Your jaw will drop when you read about this 66-year-old woman’s fitness routine. And she wouldn’t have it any other way.
When Cathie Baker of Scappoose, Oregon, was diagnosed with Parkinson’s disease in 2014 at the age of 61, she was “a little bit freaked out,” she admits.
Her father had lived with Parkinson’s and struggled with the disease, which progressed quickly and led to dementia.
“It was really bad because he didn’t go to the doctor right away,” Baker explained. “But my neurologist was very good and said, ‘Don’t worry about that. We caught it at a good time.’”
By then, scientists had advanced their research around the causes, symptoms and treatments for Parkinson’s. Promising results from clinical trials had proven that consistent, high-intensity exercise helps mitigate Parkinson’s symptoms and slow down disease progression.
For Baker, the future didn’t seem quite so bleak. When she no longer appeared worried about her Parkinson’s diagnosis, the rest of her family – Baker’s husband and their four grown children – followed suit. “At first they were concerned, but they’ve gotten comfortable with it,” she said.
If you witnessed for yourself this 66-year-old grandmother lay 200 punches into a speedbag Muhammad Ali style, you wouldn’t be that concerned either. Cathie Baker is not messing around.
Kicking Parkinson’s (bleep!) through kickboxing
In 2015, the TV show “60 Minutes” aired an episode featuring correspondent Leslie Stahl, whose husband, Aaron Lathan, had Parkinson’s disease. The couple was taking a Rock Steady boxing class at a Brooklyn, New York, gym.
Baker, a retired legal secretary, caught that fateful episode and saw for herself the benefits of exercise for Parkinson’s disease.
“I already knew Brian Grant had it,” she said. “When my dad had Parkinson’s, we did one of the Brian Grant fundraisers. So, I contacted the organization. The gal who called me back told me they were setting up an exercise program,” she said. Shortly after that call, she started a boxing program.
To this day, boxing remains one of Baker’s favorite ways to exercise. “It’s a lot of fun,” she said. “I do my boxing at home now.”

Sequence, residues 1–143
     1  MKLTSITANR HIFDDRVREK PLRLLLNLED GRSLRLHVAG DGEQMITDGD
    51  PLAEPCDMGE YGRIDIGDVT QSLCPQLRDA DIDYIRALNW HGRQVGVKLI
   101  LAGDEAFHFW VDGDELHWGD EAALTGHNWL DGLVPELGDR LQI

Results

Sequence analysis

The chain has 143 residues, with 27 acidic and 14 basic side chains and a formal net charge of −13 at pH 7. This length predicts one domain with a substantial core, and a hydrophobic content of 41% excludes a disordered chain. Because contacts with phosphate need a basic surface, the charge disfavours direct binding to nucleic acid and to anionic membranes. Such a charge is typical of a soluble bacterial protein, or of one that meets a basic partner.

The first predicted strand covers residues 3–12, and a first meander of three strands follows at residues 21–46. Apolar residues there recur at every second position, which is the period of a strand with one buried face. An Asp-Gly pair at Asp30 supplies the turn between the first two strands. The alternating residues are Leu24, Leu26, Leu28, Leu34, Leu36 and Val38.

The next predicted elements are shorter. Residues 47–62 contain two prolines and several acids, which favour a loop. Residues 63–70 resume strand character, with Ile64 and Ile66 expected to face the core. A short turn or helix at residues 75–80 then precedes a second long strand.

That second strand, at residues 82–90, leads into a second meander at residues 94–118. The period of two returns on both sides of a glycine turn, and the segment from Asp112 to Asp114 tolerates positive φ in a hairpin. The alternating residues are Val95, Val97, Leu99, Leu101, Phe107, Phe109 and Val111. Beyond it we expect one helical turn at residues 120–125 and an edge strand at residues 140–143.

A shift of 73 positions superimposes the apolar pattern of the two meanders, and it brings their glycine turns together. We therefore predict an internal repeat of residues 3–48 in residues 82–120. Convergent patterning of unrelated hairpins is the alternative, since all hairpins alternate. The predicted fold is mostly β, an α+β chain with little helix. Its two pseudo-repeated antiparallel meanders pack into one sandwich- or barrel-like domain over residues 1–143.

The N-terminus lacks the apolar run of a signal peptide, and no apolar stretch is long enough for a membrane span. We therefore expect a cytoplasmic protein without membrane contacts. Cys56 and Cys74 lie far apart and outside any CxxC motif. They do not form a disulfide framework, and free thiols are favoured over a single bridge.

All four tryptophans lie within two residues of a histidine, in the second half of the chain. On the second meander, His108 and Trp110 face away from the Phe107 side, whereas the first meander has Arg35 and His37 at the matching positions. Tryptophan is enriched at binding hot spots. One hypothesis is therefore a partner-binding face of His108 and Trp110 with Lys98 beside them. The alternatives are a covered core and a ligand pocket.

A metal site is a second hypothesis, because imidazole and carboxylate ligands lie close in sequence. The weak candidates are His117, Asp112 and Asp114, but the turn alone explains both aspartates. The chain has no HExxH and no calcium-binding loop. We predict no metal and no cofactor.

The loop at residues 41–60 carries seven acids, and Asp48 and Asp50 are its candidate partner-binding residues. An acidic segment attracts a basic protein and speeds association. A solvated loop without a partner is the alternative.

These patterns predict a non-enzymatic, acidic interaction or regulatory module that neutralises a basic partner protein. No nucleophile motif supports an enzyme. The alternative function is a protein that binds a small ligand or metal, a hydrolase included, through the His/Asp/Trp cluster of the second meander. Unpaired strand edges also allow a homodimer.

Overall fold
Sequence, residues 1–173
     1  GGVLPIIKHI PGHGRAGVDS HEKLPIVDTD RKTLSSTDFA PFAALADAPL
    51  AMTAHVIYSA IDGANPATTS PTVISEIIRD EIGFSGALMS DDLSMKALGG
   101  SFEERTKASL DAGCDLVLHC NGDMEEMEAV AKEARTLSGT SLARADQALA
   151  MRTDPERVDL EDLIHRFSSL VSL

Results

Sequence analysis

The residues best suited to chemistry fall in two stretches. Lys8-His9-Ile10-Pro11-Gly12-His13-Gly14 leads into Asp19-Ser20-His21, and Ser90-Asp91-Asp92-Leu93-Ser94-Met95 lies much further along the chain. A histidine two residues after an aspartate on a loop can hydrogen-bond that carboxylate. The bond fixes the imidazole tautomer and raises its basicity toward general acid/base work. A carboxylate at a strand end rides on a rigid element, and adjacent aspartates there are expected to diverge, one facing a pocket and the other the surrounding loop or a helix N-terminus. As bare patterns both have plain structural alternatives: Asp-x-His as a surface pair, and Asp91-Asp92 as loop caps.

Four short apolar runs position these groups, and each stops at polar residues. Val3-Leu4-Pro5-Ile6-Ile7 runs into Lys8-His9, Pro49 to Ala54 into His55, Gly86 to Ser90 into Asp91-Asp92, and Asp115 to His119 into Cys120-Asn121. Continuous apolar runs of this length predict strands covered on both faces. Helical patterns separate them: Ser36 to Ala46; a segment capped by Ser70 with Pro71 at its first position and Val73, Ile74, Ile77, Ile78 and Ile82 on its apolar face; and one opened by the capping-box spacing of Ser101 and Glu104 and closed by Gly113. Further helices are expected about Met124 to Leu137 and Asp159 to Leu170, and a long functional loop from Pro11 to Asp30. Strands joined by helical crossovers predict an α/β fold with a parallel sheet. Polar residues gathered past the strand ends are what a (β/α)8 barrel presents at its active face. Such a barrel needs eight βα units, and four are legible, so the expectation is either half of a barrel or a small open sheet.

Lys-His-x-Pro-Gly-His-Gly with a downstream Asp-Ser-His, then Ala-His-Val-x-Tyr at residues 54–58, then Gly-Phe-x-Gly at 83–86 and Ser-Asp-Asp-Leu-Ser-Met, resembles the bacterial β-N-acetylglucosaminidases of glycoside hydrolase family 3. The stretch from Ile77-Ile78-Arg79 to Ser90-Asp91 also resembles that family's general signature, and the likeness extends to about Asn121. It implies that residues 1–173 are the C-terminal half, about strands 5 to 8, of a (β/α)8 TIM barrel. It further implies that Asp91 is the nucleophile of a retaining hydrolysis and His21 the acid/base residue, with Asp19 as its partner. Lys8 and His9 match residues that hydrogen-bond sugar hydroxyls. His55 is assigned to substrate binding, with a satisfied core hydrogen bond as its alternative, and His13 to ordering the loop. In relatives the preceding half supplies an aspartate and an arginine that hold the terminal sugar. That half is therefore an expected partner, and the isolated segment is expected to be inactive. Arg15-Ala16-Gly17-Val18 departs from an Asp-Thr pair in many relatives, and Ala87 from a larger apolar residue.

“Everyone I’ve met in the Parkinson’s community has been really great. That was something I wasn’t expecting at all—the friendships I’ve made.”
Baker used to do 50 jump ropes at a time, but when one of her Rock Steady boxing buddies challenged her to do more, the competition was on.
“He and I are the same age, and he’s further along with the disease,” she said. “He was doing at least 100 jump ropes. Now I try to do 200 jump ropes. I did get up to 400 one time, but that was a one-shot deal.”
Did we mention that Cathie Baker is not messing around?
Exercise is the best medicine for Parkinson’s
Using exercise as a way to combat Parkinson’s disease resonated with Baker because she has always been physically active. “I played soccer as an adult. I did that until I was 55. I’ve always gone to the gym and worked out, so it wasn’t anything new. I just stepped it up,” she said.
Today, Baker takes fitness classes through Parkinson’s Resources of Oregon in Beaverton. “I do a balance and a gait class, and then I do bootcamp, which has some real intense exercises that push you. Plus, it helps you work on balance and cognition,” she said.
She finds big arm movements particularly challenging because her left arm doesn’t want to swing automatically anymore. “I have to make it do that. Those are the kind of exercises that are really good for you. They get old, but they are important. So, you keep doing them.”
In addition to her Parkinson’s-specific classes, Baker is very active at her gym in Scappoose where she takes strength training classes and yoga.
“There is one class that I call my ‘torture class’ because it is a lot of young people doing things like burpees, squats and some weights,” she said. “The instructor knows I have Parkinson’s and says, ‘Just do what you can do.’”
On Wednesdays and Saturdays, when Baker doesn’t have a scheduled fitness class, she works out at home with her punching bag, jump rope and hula hoop. “I do 100 hoops in each direction. I also jog a couple of times a week and go a couple of miles to make sure I do something every day,” she said.
Her best advice for other people living with Parkinson’s? “Keep moving. Don’t get discouraged. Even my neurologist said, ‘I can tell you’re getting worse, but it’s going so slowly that I’m convinced it’s your exercise.’”
In case you forgot, Cathie Baker is not messing around.